Air cooled engines need the very best oil?

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Somehow or another within my wife's family I've become "the guy" for lawnmower maintenance, and I've changed more lawnmower oil and sharpened more blades this year than I probably had in my life up to this point.

Generally they get whatever I have an open quart of, although if I have to buy oil it will be conventional 5W-30 or 10W-30. I've gone as high as 20W-50 before because, well, I have a British car and even if I have no other oil on hand, I'll always have 20W-50. Generally during mowing season it's warm enough here that I don't worry too much about 20W-50 as long as it's not too hard to pull.

Some seem utterly alarmed at what seems a "reckless" disregard for the oil type I'm putting in, but clean and full trumps basically any other consideration.

Which reminds me too-BIL is supposed to bring his tomorrow for a sharpen and oil change. I've definitely gotten good at freehanding them on the bench grinder!

And I'm so grateful too for my own personal push mower(s) where I never have to worry about changing the oil or even checking the oil level :) (plus I cycle through mixed gas a lot faster now than I ever did in the past).
Once you become "the guy" there is no going back. :LOL:
 
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Once you become "the guy" there is no going back. :LOL:

I don't mind it too a point.

Of course there comes a time where I'd rather just drop some of the show with it-i.e. BIL says "Will you help me do my brakes." He loses interest pretty much as soon as the wheels come off and I start mostly using hand tools, gets frustrated at how long it's taking me because his 200K mile Camry probably has its factory pads and rotors and the rotors won't come off, and 3 hours later is sitting there watching me scrub brake dust off the calipers with a nylon brush since it's caked on thick(and I'm pretty picky about how I do brakes) and asking me if I "really" need to do all that because he's supposed to be meeting a friend for dinner.

At the end of the day, I wish he'd just said "would you do my brakes for me" and left his car with me for the evening(he could have even driven mine) and let me leave him with a properly done job.

He cancelled on bringing his mower yesterday. I'm going to encourage him to wait until end of the season so I can actually do stuff properly and not have him watching the clock while I scrub grass off and paint the underside of the deck and the like(which reminds me-I need a rattle can of "Grapper Green" which is supposed to match the Lawn Boy paint. One of mine needs a bit of work on the deck beyond just cleaning and painting, so we'll have some fun putting my less-than-great welding skills to use).
 
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I would only recommend a good quality oil for OPEs being used hours on end. Like commercial users and generators. Otherwise, if you run it with not many hours for the whole year, than any motor oil will work.
 
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I run any left over oil I have from oil changes…at least 30W. Ran 0W30 and 5W30. My GVC 160 runs great in the Texas heat.
 

Elkins45

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Is there any advantage to using a straight 30 grade over something like a 10w-30 In a mower that’s only used in warm temps?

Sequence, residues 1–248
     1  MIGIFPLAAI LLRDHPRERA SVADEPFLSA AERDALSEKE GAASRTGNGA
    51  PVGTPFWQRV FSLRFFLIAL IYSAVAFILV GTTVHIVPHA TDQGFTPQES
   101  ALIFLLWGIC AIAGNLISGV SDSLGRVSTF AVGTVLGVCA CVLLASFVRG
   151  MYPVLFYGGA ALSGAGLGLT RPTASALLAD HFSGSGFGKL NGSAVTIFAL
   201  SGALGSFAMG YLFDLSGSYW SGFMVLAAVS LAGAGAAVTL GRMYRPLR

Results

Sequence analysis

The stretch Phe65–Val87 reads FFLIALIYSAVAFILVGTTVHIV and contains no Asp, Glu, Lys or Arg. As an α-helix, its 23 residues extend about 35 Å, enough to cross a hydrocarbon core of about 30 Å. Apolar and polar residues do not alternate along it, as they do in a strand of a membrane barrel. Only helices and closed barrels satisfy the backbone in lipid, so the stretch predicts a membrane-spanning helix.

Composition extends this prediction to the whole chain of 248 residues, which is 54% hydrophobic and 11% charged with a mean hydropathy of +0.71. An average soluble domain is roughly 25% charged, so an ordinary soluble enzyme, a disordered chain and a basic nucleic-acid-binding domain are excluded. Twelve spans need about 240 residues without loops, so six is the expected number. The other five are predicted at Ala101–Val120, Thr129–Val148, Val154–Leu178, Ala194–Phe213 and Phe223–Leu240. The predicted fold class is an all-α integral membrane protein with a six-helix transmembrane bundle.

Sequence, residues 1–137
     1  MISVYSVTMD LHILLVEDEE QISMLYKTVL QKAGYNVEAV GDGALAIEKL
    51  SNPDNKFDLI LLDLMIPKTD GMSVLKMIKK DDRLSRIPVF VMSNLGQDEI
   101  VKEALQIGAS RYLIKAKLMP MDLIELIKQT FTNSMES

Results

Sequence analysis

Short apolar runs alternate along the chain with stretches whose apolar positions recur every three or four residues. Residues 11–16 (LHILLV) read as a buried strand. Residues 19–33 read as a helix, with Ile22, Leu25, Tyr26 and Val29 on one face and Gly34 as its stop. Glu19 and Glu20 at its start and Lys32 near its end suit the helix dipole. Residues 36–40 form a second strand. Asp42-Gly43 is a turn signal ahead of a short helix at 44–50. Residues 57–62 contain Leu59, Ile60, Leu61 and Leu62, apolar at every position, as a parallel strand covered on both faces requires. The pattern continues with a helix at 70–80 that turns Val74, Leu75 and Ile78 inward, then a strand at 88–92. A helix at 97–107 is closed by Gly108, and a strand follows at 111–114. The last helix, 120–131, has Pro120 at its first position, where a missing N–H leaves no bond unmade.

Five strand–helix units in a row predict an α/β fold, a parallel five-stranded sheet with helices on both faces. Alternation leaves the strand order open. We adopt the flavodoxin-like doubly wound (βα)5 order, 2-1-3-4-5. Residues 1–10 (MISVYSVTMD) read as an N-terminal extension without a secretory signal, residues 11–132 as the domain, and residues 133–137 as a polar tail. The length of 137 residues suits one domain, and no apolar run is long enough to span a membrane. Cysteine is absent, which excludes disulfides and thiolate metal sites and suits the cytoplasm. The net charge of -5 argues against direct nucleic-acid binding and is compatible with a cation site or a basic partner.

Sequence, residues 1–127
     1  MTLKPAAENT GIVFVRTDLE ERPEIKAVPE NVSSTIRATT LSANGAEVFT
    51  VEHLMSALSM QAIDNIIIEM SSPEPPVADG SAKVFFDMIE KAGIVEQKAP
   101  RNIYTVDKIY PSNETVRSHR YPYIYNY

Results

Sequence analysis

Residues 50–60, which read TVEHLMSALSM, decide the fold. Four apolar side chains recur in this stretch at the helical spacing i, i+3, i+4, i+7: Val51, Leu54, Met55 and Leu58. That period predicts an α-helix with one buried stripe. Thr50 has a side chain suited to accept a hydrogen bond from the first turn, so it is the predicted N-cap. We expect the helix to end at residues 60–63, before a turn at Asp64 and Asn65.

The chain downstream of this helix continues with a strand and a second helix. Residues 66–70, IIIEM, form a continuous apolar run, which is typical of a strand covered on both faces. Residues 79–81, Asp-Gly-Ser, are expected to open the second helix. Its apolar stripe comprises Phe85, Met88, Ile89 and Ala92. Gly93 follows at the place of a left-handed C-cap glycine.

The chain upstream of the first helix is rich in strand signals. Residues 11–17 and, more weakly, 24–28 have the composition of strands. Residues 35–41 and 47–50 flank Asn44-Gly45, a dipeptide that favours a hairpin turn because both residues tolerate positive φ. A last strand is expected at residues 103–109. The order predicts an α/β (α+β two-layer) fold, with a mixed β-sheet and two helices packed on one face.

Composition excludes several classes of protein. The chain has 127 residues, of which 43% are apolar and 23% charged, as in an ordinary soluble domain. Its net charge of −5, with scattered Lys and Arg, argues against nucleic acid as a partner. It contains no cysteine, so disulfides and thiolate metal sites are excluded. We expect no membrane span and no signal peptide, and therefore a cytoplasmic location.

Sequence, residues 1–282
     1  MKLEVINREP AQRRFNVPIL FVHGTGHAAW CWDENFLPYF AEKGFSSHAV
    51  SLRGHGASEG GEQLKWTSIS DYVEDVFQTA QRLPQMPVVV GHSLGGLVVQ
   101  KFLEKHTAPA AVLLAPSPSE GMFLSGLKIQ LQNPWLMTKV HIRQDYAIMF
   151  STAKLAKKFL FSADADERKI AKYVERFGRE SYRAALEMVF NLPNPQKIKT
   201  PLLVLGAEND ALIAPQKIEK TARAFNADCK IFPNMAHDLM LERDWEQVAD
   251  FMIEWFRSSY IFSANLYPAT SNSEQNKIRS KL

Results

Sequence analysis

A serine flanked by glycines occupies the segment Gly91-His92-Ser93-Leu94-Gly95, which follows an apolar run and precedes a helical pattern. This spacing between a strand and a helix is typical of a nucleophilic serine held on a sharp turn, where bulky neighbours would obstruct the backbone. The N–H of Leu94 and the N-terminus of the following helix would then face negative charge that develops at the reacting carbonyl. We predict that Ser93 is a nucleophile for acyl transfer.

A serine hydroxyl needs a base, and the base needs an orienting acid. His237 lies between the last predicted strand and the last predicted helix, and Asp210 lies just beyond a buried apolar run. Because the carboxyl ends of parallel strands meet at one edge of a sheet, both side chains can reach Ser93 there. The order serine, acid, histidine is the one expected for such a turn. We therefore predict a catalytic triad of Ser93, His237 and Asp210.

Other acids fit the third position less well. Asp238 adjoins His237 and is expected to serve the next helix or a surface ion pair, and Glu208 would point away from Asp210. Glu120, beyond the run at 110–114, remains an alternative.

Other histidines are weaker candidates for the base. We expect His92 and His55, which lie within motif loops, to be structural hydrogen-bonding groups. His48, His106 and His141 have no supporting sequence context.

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Is there any advantage to using a straight 30 grade over something like a 10w-30 In a mower that’s only used in warm temps?
I always got a puff of smoke when starting a cold engine using a 10w-30. Never had it using a straight 30. I would say a slight gain in oil consumption using 10w-30.
 

Elkins45

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OK then, any reason not to run my rider on a steady diet of an S-rated 15w-40 HDEO? I’ve been using the leftovers from my tractor oil changes for a couple of years and haven’t noticed any difference. Any reason not to make that thr normal fill?
 
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Does it make sense to run a really high quality oil in an air cooled engine?
It won't make a difference to spend extra on a small engine. However, low temperature performance is the only excuse for the price if it really gets cold or the engine is frequently cold started on a regular basis during winter. Either way, the 20-25 hours of operation is said to be the green zone for most air-cooled engines as established by many published papers.
ZDDP is not for "flat tappets" only, it's also a potent anti-oxidant and aids oil thermal conductivity and stability. ZDDP is an air-cooled engine's best friend.

Here's some tips for air-cooled engine maintenance.

1. Sufficient oil level is the most important factor.
2. Synthetics do not protect more, it protect the same as mineral oils for longer, unfortunately, you cannot go longer.
3. Change the oil every 20-25 hours.
4. At least ZDDP equal or higher than 1200 ppm. 1400 ppm is optimal.
5. High TBN will also help keep the engine running cleaner with less sludge and deposits formation due to high thermal stress and erratic temperature variations.
 
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OK then, any reason not to run my rider on a steady diet of an S-rated 15w-40 HDEO? I’ve been using the leftovers from my tractor oil changes for a couple of years and haven’t noticed any difference. Any reason not to make that thr normal fill?
I've been running 15w40 in small engines for years. Pretty much everything I work on besides snowblowers gets a 15w40.
 
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